My sculptures are 3dimensional drawings.
I use form to express complex experiences and to make inert materials seem lifelike. I use movement and stillness as a way to explore feeling. Human bodies are fragile, vulnerable, as are my sculptures.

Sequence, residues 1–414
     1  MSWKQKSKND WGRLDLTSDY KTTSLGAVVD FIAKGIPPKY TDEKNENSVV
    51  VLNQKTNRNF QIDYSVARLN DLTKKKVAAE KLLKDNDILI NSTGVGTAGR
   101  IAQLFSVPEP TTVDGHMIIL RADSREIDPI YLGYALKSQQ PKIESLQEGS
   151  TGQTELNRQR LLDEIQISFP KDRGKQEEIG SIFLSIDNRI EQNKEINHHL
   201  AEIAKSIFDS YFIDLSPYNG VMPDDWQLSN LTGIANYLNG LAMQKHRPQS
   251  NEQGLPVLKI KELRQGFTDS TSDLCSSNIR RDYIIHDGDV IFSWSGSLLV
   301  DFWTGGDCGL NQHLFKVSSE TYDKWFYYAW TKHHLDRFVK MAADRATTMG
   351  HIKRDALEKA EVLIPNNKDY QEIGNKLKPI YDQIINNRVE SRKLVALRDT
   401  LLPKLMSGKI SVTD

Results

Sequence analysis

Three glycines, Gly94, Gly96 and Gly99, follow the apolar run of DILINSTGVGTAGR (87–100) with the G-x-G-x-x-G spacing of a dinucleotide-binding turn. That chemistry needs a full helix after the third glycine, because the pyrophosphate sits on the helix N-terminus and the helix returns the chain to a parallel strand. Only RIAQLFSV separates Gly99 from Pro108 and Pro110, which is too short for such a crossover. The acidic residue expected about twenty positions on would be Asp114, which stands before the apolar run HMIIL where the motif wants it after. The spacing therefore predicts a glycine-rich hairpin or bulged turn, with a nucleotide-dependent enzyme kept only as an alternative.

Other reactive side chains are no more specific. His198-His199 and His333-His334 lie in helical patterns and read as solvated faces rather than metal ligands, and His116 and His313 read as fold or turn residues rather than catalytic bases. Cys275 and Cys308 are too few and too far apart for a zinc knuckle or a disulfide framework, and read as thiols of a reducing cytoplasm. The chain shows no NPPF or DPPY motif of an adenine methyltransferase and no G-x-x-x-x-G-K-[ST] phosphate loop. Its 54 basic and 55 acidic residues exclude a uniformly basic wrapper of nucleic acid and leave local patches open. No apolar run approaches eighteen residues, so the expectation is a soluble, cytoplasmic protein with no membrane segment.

I start by whittling purchased wood into irregular sticks that have thus absorbed my energy and feeling. Through this process the wood takes on individual characteristics and personality and sheds the mass-produced commercial quality. It has been through a “civilizing” process at the lumber mill, and now I bring it back to a wild state, which could be a metaphor for our lives. We are born unformed (like a tree trunk just cut from the forest) and are shaped through education and socialization (being trimmed at the mill) and finally life gives us back some rough edges as traces of experiences we have endured. Once the wood is conditioned, I combine it with other pieces of wood, using plaster cloth as the binding agent. This allows me to work quickly and intuitively. The plaster cloth that I use is also employed as casts for broken limbs, and I like this connotation that our experience of this material brings to my pieces.